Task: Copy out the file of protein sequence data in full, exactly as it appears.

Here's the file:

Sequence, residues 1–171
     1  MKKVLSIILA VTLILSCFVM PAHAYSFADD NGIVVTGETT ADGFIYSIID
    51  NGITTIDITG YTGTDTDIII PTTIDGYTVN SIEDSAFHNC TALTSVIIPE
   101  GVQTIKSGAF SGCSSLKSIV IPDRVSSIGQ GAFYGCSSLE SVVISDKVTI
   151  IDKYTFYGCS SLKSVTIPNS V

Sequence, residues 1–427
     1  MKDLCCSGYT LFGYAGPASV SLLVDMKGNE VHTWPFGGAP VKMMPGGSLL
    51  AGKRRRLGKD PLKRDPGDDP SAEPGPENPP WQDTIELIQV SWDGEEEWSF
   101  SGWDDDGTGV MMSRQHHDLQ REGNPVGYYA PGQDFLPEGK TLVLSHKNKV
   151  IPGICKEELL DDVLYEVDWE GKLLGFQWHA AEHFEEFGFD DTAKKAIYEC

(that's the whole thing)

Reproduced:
Sequence, residues 1–171
     1  MKKVLSIILA VTLILSCFVM PAHAYSFADD NGIVVTGETT ADGFIYSIID
    51  NGITTIDITG YTGTDTDIII PTTIDGYTVN SIEDSAFHNC TALTSVIIPE
   101  GVQTIKSGAF SGCSSLKSIV IPDRVSSIGQ GAFYGCSSLE SVVISDKVTI
   151  IDKYTFYGCS SLKSVTIPNS V

Sequence, residues 1–427
     1  MKDLCCSGYT LFGYAGPASV SLLVDMKGNE VHTWPFGGAP VKMMPGGSLL
    51  AGKRRRLGKD PLKRDPGDDP SAEPGPENPP WQDTIELIQV SWDGEEEWSF
   101  SGWDDDGTGV MMSRQHHDLQ REGNPVGYYA PGQDFLPEGK TLVLSHKNKV
   151  IPGICKEELL DDVLYEVDWE GKLLGFQWHA AEHFEEFGFD DTAKKAIYEC